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Banks Find Opportunity in U.S. Postal Service Woes

The U.S. bank industry, struggling to make the profits it used to, is using the struggles of another industry for its marketing: The U.S. Postal Service.

The U.S. bank industry, struggling to make the profits it used to, is using the struggles of another industry for its marketing: The U.S. Postal Service.

JPMorgan Chase & Co, Bank of America Corp, Citigroup Inc and Wells Fargo & Co are all using the looming threat of postal service cuts to sell bank services such as electronic payments and remittance pickups that can speed payments likely to be slowed by diminished mail service.

"It is a conversation starter," said Daniel Peltz, head of Wells Fargo's Treasury Management division.

For banks, electronic transactions save as much as one-third of the cost of processing checks, according to industry estimates. The potential savings are greatest for bigger banks, which reap additional economies of scale by running more transactions through the computer systems they have built.

Banks are looking for any chance to save money these days, as tough markets and a weak economy hit their profits, and traditional revenue streams dry up due to stricter regulations.

For bank customers, the new electronic payments and other services offer savings, too.

Greg Kerwick, a managing director in JPMorgan's Treasury Services unit, said his team is telling customers they might have to wait one to four days longer for invoices to reach customers and payments to return by mail, if Saturday postal delivery is eliminated.

His division, which helps 25,000 businesses with cash management, estimates that waiting an extra two days for payment would require a company that receives $5 billion of mail payments a year to come up with an extra $27 million of working capital.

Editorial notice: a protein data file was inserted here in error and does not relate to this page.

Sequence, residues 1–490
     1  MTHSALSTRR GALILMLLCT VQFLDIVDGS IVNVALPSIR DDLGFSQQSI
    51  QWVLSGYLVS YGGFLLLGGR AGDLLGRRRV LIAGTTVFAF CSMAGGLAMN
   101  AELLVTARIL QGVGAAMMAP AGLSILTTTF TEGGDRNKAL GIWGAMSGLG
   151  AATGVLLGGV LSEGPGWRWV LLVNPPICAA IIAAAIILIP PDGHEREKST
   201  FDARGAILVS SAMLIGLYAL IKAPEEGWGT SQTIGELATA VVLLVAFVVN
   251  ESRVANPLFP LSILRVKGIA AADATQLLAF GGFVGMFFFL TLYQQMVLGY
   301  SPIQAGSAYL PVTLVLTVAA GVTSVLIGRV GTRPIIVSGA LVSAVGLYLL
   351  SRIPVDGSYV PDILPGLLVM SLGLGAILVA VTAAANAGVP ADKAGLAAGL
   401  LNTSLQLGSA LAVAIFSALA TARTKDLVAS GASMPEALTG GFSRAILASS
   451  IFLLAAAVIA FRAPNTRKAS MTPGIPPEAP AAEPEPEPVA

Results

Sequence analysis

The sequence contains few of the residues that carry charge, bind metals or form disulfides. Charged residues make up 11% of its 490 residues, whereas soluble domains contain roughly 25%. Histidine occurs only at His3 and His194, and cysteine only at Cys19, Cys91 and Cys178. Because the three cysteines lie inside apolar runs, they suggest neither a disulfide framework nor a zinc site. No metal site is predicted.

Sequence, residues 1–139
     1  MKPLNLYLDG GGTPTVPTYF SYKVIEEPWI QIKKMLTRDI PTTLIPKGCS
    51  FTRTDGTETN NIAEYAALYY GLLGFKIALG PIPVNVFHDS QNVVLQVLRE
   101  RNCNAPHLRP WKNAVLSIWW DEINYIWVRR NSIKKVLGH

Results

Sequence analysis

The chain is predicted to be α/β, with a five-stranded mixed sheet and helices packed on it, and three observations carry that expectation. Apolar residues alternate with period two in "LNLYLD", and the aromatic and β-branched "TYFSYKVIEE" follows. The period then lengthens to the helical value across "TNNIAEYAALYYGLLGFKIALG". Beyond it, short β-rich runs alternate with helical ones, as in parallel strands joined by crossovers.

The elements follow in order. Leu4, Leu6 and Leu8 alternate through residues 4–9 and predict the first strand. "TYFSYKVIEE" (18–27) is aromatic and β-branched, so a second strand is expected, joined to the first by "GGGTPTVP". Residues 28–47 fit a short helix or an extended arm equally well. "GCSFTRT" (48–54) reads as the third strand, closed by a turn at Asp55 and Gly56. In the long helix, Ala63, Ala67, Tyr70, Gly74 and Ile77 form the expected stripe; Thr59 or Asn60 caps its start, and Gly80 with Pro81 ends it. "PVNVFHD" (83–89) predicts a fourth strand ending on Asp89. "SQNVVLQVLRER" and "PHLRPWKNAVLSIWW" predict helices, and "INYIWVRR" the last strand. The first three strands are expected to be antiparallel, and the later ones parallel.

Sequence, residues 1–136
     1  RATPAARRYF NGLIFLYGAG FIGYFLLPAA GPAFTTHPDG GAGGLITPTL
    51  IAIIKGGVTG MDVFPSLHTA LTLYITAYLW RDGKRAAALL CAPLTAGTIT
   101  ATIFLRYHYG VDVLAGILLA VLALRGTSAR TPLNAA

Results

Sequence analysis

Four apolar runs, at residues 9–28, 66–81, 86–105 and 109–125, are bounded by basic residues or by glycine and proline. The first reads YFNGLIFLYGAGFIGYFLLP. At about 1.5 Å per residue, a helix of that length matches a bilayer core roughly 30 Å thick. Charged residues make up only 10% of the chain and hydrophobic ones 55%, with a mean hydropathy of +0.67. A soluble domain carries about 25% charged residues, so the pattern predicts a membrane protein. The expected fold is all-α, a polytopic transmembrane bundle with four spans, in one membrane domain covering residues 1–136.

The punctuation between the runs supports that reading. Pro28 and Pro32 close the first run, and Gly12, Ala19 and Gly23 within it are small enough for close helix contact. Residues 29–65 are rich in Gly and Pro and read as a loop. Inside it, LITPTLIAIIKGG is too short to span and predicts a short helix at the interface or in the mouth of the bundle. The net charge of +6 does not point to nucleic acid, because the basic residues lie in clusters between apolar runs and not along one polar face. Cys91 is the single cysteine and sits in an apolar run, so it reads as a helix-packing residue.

To save that money, of course, customers must pay. For example, using lockbox services - where the bank picks up checks for businesses from postal plants seven days a week - can mean as much as $2 per check for the bank, which also can earn interest income during the maximum of three to four days they hold a payer's money before some checks are cleared, said Nancy Atkinson, a senior analyst with consulting firm Aite Group.

This "float period" could become even more valuable as interest rates rise in the future, she said.

Banks, however, may find it challenging to win more payment business because a delay in mail service is advantageous to bill payers who want to hold onto their funds as long as possible, Atkinson said. Payers typically drive the decision making around how they pay a supplier, surveys by Aite Group have found.

If more business turns to electronic payments, that could further hurt the Postal Service, which lost $5.1 billion in fiscal year 2011 and could see annual losses upward of $21 billion by 2016 if major changes are not made, Postmaster General Patrick Donahoe has said.

President Obama, in his budget proposal in February, called for an end to Saturday mail delivery and other cost-cutting by the Postal Service. The Senate is to consider a bill this week that would allow the Postal Service to consider ending Saturday mail after two years.

The service also has plans to close more than 200 mail processing plants, which would end next-day delivery of First Class Mail.

"Everybody has a desire to get away from checks and move more electronic," JPMorgan's Kerwick said. "This is placing greater urgency around making that happen."

"The mail will take longer to cycle through," Kerwick said.

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